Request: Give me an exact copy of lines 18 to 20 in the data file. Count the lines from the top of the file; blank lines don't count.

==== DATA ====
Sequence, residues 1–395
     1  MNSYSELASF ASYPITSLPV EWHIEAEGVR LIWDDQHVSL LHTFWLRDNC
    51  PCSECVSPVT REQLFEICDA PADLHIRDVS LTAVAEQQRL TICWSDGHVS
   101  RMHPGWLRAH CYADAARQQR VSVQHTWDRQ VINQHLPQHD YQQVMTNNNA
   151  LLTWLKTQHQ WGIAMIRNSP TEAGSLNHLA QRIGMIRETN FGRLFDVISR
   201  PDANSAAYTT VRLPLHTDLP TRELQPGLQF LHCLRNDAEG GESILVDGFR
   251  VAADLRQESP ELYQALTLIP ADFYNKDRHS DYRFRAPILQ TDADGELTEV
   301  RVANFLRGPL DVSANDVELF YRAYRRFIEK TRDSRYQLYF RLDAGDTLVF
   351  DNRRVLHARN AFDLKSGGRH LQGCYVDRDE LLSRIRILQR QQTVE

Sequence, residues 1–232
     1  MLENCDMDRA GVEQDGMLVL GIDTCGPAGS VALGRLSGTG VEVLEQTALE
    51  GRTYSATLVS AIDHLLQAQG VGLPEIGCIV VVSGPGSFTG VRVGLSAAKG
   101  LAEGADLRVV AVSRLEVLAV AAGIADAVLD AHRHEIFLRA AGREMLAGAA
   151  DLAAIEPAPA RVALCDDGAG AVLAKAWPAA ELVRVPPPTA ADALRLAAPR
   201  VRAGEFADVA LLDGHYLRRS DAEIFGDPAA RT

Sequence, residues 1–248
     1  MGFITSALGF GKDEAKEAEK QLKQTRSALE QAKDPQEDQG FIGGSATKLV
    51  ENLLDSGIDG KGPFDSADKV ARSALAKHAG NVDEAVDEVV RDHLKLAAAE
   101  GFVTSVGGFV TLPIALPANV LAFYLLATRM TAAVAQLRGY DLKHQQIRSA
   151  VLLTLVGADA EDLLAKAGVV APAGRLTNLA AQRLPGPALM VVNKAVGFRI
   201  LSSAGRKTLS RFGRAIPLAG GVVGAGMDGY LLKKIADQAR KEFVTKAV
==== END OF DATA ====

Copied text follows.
    51  ENLLDSGIDG KGPFDSADKV ARSALAKHAG NVDEAVDEVV RDHLKLAAAE
   101  GFVTSVGGFV TLPIALPANV LAFYLLATRM TAAVAQLRGY DLKHQQIRSA
   151  VLLTLVGADA EDLLAKAGVV APAGRLTNLA AQRLPGPALM VVNKAVGFRI